University NanoSat Program (NS-7)
Dynamic Manipulation Flight Experiment
DYMAFLEX was sponsored by the AFRL as part of the University Nanosat Program (UNP). UNP is a university competition where students build satellites and compete for a launch. The winner of the compeition is award funding to finish the project, testing and help from the AFRL, and a launch. The competition is quite fierce and has been described as 'satellite hunger-games'.
The goal of DYMAFLEX is to investigate the coupled dynamics and associated control mitigation strategies for a free-flying vehicle with a high-performance manipulator performing tasks analogous to satellite servicing. This requires a satellite with a high performance manipulator and a propulsion system.
The DYMAFLEX manipulator is sized to fit onto a microsatellite (~50kg) and therefore will be significant percent of the mass. Consequently, as the manipulator moves, the vehicle base will experience significant coupled dynamics. The control algorithm for the manipulator will need to account for the base motion while the manipulator is in moving. In the past, these coupled dynamics have been reduced to negligible by restricting the speed of the manipulator and mounting them on very large bodies.
Investigate the coupled dynamics and associated control mitigation strategies for a free-flying vehicle with a high-performance manipulator performing tasks analogous to satellite servicing
Develop a microsatellite in the university environment through a program which maximizes opportunities for students to be involved in all aspects of the development process
Leverage three decades of advanced space robotics research in the development and flight demonstration of a space manipulator system
DYMAFLEX next to a basketball. Basketball is only shown as a sizing reference
DYMAFLEX Manipulator - Rapid Prototype Verison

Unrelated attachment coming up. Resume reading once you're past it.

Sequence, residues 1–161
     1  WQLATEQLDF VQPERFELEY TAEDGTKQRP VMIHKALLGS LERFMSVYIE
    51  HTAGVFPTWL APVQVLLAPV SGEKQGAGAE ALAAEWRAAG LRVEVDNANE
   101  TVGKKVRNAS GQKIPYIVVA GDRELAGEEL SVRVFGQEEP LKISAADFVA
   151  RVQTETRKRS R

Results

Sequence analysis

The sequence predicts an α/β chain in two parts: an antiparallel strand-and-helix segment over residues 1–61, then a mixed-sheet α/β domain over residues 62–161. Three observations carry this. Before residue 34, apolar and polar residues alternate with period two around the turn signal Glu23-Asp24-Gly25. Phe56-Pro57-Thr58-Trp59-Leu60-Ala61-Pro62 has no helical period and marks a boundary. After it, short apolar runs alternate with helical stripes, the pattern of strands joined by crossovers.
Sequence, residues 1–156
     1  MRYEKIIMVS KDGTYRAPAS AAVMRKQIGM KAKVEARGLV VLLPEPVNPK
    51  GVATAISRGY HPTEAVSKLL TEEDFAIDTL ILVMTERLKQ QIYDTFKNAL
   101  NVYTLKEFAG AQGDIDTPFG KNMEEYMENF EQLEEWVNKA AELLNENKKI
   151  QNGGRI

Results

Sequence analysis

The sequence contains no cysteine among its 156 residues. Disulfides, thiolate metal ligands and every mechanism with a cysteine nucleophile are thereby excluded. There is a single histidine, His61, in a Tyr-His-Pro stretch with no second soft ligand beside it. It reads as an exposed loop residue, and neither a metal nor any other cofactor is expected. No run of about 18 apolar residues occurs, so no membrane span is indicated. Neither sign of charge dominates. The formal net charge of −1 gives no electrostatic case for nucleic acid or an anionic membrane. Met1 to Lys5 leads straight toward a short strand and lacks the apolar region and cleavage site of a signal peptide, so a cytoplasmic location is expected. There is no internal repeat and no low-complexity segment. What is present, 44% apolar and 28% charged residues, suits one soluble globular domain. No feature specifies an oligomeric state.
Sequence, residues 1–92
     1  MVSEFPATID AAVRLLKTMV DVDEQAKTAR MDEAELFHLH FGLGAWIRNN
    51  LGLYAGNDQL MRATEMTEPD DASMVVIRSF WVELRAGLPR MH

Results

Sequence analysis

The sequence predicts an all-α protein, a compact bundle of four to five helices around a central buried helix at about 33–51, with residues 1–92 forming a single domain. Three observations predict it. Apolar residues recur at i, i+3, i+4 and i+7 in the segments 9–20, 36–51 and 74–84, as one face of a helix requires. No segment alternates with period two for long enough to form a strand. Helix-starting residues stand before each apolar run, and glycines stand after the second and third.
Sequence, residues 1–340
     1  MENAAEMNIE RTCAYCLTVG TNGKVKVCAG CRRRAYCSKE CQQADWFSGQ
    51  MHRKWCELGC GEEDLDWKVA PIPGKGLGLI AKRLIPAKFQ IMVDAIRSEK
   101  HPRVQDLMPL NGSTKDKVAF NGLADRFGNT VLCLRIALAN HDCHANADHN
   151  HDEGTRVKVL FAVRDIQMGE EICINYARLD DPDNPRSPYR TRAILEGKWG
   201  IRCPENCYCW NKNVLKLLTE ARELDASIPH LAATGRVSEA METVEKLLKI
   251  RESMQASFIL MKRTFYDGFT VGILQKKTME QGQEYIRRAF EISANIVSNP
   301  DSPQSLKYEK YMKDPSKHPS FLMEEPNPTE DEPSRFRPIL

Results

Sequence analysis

Internal view of yaw joint
The technology is behind DYMAFLEX is based on Ranger, a flight qualified shuttle program. Ranger was designed to perform satellite serving. Ranger consists of two manipulators, which have the same maneuverability as human arms. While Ranger was not able to fly due to launch schedules, it was tested extensively in neutral buoyancy. Ranger was used to demonstrate that robotic systems are capable of performing satellite servicing.
DYMAFLEX's manipulator is a lot smaller and lighter than Ranger with an arm length of 25.75 inches. A prototype manipulator was built using a rapid-prototype (3D printer). This prototype is fully function and is capable of the same movement as a metal version.
Actuator Diameter: 6.4 cm
Actuator Length: 10.4 cm
Actuator mass: 0.75 kg
Max angular velocity: 120°/sec
Max actuator torque: 41 N-m
Arm length: 0.66 m (25.75 in)
Max tip velocity: 2.0 m/s
100:1 output gear ratio
1250 count incremental encoder with index
12-bit analog absolute encoder
13.5 W power draw motors off
ELMO Motion Control motor drivers handle joint control, communications, and external input/output
Whistle engineering modules, Hornet flight modules
Analog switch, 2 channel high side switch, and quad differential driver used for joint peripheral interfaces
The Dynamic Manipulation Flight Experiment is under development at the University of Maryland Space Systems Laboratory, part of the Aerospace Engineering Department and the A. James Clark School of Engineering.